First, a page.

Dicey Intersection At Ashland, Belmont And Lincoln To Be Overhauled
By Sarah Gouda in News on Mar 31, 2016 4:44PM
Intersection via Google
The dicey West Lakeview intersection at Lincoln, Ashland, and Belmont is finally getting a makeover.
The Chicago Department of Transportation presented plans for the 3-year road project at St. Luke Church on March 29. The proposed improvements, which include extending the curbs at all six corners and eliminating four turns, are much needed changes for an intersection labeled Chicago’s fifth most dangerous as of 2010.
The crash data is discouraging: 32 crashes occurred at the intersection in 2012, 11 percent of which involved pedestrians or cyclists who sustained injuries. Not good. The Tuesday-night presentation honed in on the positive effects the project would have for all roadway users, placing emphasis on plans for dedicated bike lanes and straightened-out crosswalks.
Anyone who has walked through the intersection knows how confusing and dangerous it can be. And given the arrival of a new 75,000-square-foot Whole Foods, these improvements couldn’t have come at a better time—no one should have to risk life and limb just to score some free samples.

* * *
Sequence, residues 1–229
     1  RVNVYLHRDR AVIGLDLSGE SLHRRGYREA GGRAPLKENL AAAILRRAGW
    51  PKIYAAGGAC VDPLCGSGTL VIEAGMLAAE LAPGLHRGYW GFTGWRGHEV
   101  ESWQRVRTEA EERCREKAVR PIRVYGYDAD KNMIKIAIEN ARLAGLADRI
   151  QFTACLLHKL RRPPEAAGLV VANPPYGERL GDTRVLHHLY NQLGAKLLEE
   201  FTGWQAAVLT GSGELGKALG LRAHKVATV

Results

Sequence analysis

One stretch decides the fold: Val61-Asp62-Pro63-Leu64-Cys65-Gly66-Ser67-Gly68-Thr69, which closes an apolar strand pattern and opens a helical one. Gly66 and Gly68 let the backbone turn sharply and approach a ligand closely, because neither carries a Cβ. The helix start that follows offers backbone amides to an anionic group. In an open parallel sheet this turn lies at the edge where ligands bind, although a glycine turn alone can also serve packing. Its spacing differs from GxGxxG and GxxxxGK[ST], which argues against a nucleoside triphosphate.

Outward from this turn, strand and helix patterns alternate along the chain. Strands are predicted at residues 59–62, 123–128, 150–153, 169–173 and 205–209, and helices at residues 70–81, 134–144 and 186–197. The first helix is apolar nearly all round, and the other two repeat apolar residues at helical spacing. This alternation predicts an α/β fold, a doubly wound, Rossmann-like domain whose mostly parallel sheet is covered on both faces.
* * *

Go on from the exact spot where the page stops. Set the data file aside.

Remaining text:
Ald. Tom Tunney (44th), who will lead the project alongside Ald. Scott Waguespack (32nd) and Ald. Ameya Pawar (47th), noted that the city is finally ready to pick up revitalization efforts after the recession forced many road projects to a halt. The intersection is an essential thoroughfare for public transportation as well. The No. 9 Ashland bus had 9.8 million rides in 2013, topping city routes, while the No. 77 Belmont bus conducted 7.4 million rides and ranked sixth city-wide. And with the CTA's nascent plans to bring back the No. 11 Lincoln bus, the intersection will only become more crowded.
Specific details of the plans include:
*Extending sidewalk bump outs on Lincoln and Ashland avenues.
*Implementing Left-turn restrictions on Lincoln Avenue at the intersection.
*Improving and straightening out crosswalks along Belmont Avenue.
*Delineating dedicated bike lines on Lincoln Avenue through the intersection.
*Situating bus stops at far sides of the intersection.
The second public meeting is slated for fall, with design work to begin in early 2017. Construction will begin sometime in 2017 and end a year later.